Gov. Jerry Brown will attend Friday’s memorial service in honor of slain San Diego Police officer Jonathan “J.D.” De Guzman, who was shot to death last week. (KPBS/City News Service)

• U-T columnist Logan Jenkins notes that pot legalization is on the ballot this fall, but it may not bring weed to your part of our fair county: “don’t look forward to popping down to your neighborhood shop to browse for gourmet ganja.”

The problem is that cities and counties can keep marijuana shops from opening. Locally, they’re only currently allowed in the city outside of an exception of a shop near El Cajon.

“Take it to the bank,” Jenkins writes. “Leaders of hostile jurisdictions, motivated by worries about crime or public health or just plain moral repugnance, will whack weed sales with a vengeance.” But they’ll miss out on a chance to impose big taxes on the stores.

Assisted Death Efforts Begin

The L.A. Times profiles a 69-year-old man with terminal bone marrow cancer who’s one of the first in the state to take advantage of the new assisted-death law. He has a prescription for medications that will kill him.

He’s waiting for the cancer to sap his energy so much that he can’t function. “I’ll know that by how I feel,” he said. “It gives me some comfort in having control over what the end of my life will be like.”

California is the fifth state to allow physician-assisted suicide. The man with the prescription says he plans to live the rest of his life “fully, thankfully and joyfully.”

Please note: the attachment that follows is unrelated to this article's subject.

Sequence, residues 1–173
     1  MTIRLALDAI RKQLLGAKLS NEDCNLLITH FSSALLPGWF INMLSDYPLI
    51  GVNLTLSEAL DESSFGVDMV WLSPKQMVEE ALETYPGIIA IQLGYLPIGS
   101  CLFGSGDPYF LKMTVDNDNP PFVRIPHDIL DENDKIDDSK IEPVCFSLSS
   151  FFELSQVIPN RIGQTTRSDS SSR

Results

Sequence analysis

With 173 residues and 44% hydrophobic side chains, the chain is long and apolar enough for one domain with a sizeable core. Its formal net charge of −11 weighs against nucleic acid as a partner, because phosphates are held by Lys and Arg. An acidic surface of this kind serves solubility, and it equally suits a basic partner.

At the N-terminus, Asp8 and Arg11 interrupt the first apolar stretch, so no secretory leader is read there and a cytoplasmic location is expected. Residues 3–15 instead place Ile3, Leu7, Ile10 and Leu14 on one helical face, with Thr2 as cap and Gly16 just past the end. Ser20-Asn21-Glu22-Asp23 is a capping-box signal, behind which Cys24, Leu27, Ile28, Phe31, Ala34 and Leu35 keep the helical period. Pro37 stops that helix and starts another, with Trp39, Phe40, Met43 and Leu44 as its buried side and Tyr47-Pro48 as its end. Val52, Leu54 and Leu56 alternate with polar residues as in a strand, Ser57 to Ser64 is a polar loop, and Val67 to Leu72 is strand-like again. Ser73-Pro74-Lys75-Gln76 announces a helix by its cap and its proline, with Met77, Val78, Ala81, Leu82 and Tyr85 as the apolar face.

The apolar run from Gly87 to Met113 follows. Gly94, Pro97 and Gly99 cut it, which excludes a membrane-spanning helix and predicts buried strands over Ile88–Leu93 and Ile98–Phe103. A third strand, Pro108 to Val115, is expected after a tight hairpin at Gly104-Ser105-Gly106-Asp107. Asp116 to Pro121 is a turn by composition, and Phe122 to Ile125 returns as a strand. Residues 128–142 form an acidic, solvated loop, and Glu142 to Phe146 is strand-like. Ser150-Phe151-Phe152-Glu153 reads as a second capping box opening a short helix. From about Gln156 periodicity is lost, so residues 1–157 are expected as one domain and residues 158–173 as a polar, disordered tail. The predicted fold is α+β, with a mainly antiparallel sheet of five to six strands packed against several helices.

Coastal Commission’s Openness at Stake

L.A. Times columnist Steve Lopez is touring the state’s coast this summer and writing about efforts to protect it. In the latest column in his series, he warns that a bill to make the Coastal Commission more transparent is in danger of being killed off.

“This coast is ours, meaning everyone’s. The business of preserving it, protecting fragile sea and plant life, and increasing public access regardless of income or lobbying clout, is a sacred duty,” he writes. “And it’s business that has to be conducted in the open, not in private.”

Lopez urges readers to make their opinions known to local Assemblywoman Lorena Gonzalez, who oversees the Assembly committee that’s looking at the bill. According to Lopez, the committee holds the key to the bill’s future.

New Look for AIDS Hospice House

After weeks of controversy, the city has decided to sell a Mission Hills home that’s considered historic because it served as an early AIDS hospice. Property next to the home will be restored, and the ground floor is slated to become a community center. The ultimate idea is to turn the property into homes, offices and a coffee shop. (U-T)